The new rules of community based marketing are the same as the old rules of community based marketing.

I remember a brilliant  cartoon by the talented Hugh McLeod – “If you talked to people the way advertising talked to people they’d punch you in the face.”

Don’t be the jerk that walks into the bar and starts selling stuff. Be the one who tells the witty jokes and clears the table to help the busy bar staff who are too busy serving.

Most community members won’t feel it’s marketing if people take the time to become valued and valuable members of the community.

4. Is there anything else that you’d like to say about the state of community today?

Online communities aren’t new. The first generation has existed since the dawn of the internet with BBS (bulletin board services), forums and email lists. The second generation was the big public social networks such as Friendster, Friends Reunited and MySpace, later eclipsed by Facebook and Twitter. The third generation was private messaging in apps such as WhatsApp, WeChat, Facebook Messenger and Snapchat.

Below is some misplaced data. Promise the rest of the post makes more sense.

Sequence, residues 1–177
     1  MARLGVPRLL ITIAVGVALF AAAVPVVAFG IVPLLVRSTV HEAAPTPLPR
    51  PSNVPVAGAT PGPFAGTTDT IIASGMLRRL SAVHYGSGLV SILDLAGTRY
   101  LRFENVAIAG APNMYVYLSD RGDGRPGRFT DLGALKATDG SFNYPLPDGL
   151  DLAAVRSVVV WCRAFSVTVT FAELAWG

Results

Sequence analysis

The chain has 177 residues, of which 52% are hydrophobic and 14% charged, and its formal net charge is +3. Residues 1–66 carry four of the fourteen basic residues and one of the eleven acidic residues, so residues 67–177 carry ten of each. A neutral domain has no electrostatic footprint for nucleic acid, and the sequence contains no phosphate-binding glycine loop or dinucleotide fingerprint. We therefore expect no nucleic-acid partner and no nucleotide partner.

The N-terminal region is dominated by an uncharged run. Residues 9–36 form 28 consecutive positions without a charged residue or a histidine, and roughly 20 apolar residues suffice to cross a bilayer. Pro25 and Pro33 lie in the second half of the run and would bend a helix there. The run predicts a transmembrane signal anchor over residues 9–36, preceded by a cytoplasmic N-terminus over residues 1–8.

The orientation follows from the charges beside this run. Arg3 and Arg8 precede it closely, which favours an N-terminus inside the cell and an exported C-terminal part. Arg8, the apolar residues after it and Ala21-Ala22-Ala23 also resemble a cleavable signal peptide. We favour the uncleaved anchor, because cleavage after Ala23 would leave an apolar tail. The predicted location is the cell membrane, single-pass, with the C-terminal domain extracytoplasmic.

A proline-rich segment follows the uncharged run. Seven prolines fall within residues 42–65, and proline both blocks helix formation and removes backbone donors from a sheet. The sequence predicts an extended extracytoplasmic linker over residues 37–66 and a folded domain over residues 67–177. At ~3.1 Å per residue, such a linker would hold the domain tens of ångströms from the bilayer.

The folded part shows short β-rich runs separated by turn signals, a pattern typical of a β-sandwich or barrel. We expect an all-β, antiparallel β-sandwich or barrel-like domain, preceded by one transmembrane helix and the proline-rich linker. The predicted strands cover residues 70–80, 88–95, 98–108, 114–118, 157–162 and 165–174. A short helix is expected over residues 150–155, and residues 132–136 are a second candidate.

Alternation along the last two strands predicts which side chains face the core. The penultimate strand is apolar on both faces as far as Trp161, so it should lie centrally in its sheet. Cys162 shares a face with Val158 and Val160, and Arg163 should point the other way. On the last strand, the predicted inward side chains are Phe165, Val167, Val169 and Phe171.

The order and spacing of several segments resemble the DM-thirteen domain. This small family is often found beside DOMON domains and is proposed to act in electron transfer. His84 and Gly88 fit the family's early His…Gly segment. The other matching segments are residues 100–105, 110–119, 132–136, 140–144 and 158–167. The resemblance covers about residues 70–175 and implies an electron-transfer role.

The fourth generation is specialist community platforms that are actually designed for community management.

The public relations industry has continually failed to understand what it’s good at and therefore has consistently missed out on taking the lead as new sectors emerged. PR professionals are expert at creating compelling content but missed out on being the first to dominate creating compelling SEO content.

The growth in private online communities provides yet another opportunity for the public relations industry to squander. Ultimately every community is about relationships. The relationships between community members and the relationship between the members and the community owner. The clue’s in the name. Public relations is about relationships which is why we should be in pole position for creating and facilitating successful communities.

It’s why we are now focussing on helping clients to meet the challenge of the trend for increased professionalisation of communities, so they deliver on tangible business and organisational objectives.

One Reply to “McKinsey declares community to be the big idea in marketing for this decade”

  1. Yes communities are a big thing but don’t always align with the core business of some brands. So in that cases is building communities truly worth the effort?